I have always maintained that making it from Point A to Point B on a long walk is more of a mental game than an endurance test. Physical strength definitely comes into play, but I believe your mindset wins the day when it comes to covering the distance.
Wainwright’s Coast to Coast is 196 miles long. Diane and I were averaging fifteen miles a day, so there was not a single day that I would have considered short by my normal walking standards.
If I walked out of my house right now and traveled on foot for eight or nine miles, I would return saying that I had been on a long walk.
But on the Coast to Coast, something happens in your brain that makes you look at your schedule and heave a sigh of relief when it says there are only twelve miles between you and your next destination.
The inverse is even more true. Seeing anything nearing the twenty mile mark could easily make me feel disheartened before I had even begun.
So on the longer days, Diane and I felt that it was important to have some strategies ahead of time that would give us the impression of being on top of the day before it got the better of us.
For starters, we would greatly overestimate how long the day would take us. We learned early on that we might still be walking at sunset, so we would celebrate the “early arrival” if we finished a day before 6pm.
Also, we had a lot of treats. Diane brought a pile of candy over from the US and I had my favorite granola bars. The simple suggestion that in twenty minutes we might stop for a candy bar would put a temporary spring in our steps. After the first day of running into our friends having tea on the side of the trail, we began to carry our own flask of tea. We would wait until we were particularly weary in the afternoon and stop for our little pick-me-up.
I have to admit that tea and candy were really only helpful on the first week of the walk. By the end, if Diane suggested a candy bar, I was all, “Ugh, gross.” And she said to me on the last day, “England has about ruined me for tea.”
Those were the words of some weary women, folks, considering that I am not ever likely to turn down chocolate or caffeine.
Day 10 was our longest day: From Richmond to Ingleby Cross.
It was listed as 23 miles. But then our bed and breakfast was actually a mile past Ingleby. And there was a detour. So at the end of the day, I think we walked an actual marathon.
Even before we found out about the detour, we knew that 24 miles was going to be a killer. Part of the reason that it is the longest section of the Coast to Coast is that it is flat and dull. A lot of the walk is on roads, connecting you from the gorgeous, green Yorkshire Dales to the wild and wonderful North York Moors, two exquisite national parks in Northern England.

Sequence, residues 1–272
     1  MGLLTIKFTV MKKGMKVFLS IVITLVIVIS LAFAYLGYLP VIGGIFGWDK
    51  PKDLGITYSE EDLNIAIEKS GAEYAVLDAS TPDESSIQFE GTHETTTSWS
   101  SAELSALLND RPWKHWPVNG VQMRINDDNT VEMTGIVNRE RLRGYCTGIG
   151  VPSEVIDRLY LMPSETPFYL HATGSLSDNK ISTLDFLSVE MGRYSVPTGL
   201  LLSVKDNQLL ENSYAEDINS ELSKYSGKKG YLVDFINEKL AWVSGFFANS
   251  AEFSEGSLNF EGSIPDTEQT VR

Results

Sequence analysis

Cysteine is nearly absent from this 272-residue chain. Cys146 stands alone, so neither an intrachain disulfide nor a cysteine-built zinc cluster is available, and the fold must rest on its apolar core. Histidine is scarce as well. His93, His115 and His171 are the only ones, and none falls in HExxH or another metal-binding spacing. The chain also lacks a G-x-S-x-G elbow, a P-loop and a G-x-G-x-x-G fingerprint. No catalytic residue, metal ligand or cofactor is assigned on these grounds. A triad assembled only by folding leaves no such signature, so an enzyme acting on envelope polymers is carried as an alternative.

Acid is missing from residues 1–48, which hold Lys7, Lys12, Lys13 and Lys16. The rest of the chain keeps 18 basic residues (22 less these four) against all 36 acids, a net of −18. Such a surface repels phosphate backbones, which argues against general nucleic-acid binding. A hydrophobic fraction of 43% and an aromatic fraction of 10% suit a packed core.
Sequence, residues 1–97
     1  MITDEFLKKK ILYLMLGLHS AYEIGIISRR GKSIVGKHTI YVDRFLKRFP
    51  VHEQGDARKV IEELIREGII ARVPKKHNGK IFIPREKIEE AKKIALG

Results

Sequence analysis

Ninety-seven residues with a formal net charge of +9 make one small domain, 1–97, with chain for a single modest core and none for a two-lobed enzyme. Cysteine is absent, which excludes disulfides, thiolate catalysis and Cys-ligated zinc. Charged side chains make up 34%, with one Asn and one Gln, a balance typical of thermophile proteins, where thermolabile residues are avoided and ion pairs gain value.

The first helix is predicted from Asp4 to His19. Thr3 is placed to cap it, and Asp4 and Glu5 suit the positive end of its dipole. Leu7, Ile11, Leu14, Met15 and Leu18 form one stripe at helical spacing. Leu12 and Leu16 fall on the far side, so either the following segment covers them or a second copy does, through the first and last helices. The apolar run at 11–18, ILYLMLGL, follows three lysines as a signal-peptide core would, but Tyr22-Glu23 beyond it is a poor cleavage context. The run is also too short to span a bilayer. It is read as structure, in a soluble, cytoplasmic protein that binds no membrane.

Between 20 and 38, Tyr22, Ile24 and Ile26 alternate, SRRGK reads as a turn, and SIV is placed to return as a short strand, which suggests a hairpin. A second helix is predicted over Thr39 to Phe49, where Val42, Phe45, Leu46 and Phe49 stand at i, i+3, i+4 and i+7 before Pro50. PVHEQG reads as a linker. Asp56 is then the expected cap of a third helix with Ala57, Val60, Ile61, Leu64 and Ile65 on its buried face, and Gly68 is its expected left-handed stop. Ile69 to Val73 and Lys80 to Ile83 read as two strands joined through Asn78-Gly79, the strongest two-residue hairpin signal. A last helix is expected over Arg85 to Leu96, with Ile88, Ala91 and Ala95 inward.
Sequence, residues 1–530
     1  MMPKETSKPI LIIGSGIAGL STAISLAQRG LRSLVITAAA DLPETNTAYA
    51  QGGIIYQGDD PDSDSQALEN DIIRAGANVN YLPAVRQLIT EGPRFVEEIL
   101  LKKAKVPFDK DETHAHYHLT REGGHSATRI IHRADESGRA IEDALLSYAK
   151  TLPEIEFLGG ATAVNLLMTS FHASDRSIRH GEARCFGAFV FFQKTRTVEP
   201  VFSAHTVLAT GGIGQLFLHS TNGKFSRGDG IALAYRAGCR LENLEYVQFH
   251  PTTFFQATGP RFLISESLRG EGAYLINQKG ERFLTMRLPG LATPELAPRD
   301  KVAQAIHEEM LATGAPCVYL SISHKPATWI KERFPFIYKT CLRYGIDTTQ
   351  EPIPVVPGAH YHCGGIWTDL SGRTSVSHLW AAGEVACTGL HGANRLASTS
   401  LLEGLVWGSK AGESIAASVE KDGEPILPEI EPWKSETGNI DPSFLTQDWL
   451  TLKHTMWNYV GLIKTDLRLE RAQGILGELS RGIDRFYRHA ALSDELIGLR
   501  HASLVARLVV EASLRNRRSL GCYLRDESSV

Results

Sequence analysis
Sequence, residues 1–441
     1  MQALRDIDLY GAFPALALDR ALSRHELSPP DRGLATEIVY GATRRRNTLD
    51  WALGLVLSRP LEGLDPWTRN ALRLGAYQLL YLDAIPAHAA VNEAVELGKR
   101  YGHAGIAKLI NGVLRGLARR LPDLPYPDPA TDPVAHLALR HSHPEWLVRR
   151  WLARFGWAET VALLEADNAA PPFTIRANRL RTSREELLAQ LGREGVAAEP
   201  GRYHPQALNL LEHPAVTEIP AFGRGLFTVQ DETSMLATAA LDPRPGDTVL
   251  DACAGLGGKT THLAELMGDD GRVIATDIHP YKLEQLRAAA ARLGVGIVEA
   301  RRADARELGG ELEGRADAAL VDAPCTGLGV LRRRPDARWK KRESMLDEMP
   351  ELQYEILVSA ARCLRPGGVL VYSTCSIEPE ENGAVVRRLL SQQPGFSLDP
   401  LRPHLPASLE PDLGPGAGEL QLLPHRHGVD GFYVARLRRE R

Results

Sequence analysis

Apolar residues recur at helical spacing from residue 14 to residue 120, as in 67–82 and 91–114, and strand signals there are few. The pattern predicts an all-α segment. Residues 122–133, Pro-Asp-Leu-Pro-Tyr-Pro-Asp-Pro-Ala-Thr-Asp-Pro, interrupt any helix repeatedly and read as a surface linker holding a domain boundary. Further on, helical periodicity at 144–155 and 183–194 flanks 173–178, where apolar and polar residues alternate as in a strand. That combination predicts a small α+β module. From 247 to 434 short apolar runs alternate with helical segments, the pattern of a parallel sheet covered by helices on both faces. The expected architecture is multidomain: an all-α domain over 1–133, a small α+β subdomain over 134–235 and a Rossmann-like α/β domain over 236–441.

One of our bed and breakfast hosts told us to just get a taxi. “There’s just no point in suffering that distance for less than beautiful scenery,” he quipped.
But we were determined. We asked other seasoned walkers for advice and the general sentiment was that you could get away with wearing tennis shoes instead of hiking boots. Or trainers, in English speak.
So we opted to ditch our boots for the day. We thought we might even run a bit. We also went as light as possible in our packs. I left my big camera behind, as well as some of the other tech-y equipment I had been carrying along. Also, we left out a couple of layers since there were no mountains to be crossed.
But all these strategies paled in comparison to our real plan for getting through the long miles ahead,
Singing Through The Miles.
We had been thinking about it for a couple of days. We were already having way too much fun making our daily update videos, and we knew we wanted to spend a day recording the many songs we sang along the Coast to Coast.
Diane and I both grew up singing songs around campfires and between the two of us, we knew a few lines to a lot of tunes (and very few songs in their entirety).
We got an early start and started the day with every song we could think of that had the word “morning” or “sunshine” in it.
Then we moved on to singing songs about trees, cows, sheep, farms, fields and flowers.
Once we got on the road, we sang classic road trip songs.
We sang Sunday School songs and old camp songs. We sang the songs from our childhoods and then the ones from our adolescence.
We went through musicals and hymns and even a little R&B.
I really cannot think of a day that we laughed as hard as this one, even though we were beyond exhausted by the end of it.
We often said on the Coast to Coast that we were not the fastest or most experienced walkers on the trail, but if someone was giving an award for who had the most fun along the way, well, we might have won that one.
Here’s our video of our long day strategy. It is only a small sampling of all the songs we sang on Day 10, but it’s been our most loved video, and by the end of filming it we were on the ground laughing. Literally. We hope you have a laugh at us making total fools of ourselves on the long road between Richmond and Ingleby Cross.
If you take long walks or runs, I would LOVE to hear your best strategies for passing the time when the miles stretch on endlessly?
Our Coast to Coast walk was made possible in part by the good folks at Macs Adventure, who were wonderful to work with and who should in no way be held responsible for our tendency to get lost or our ridiculous YouTube videos.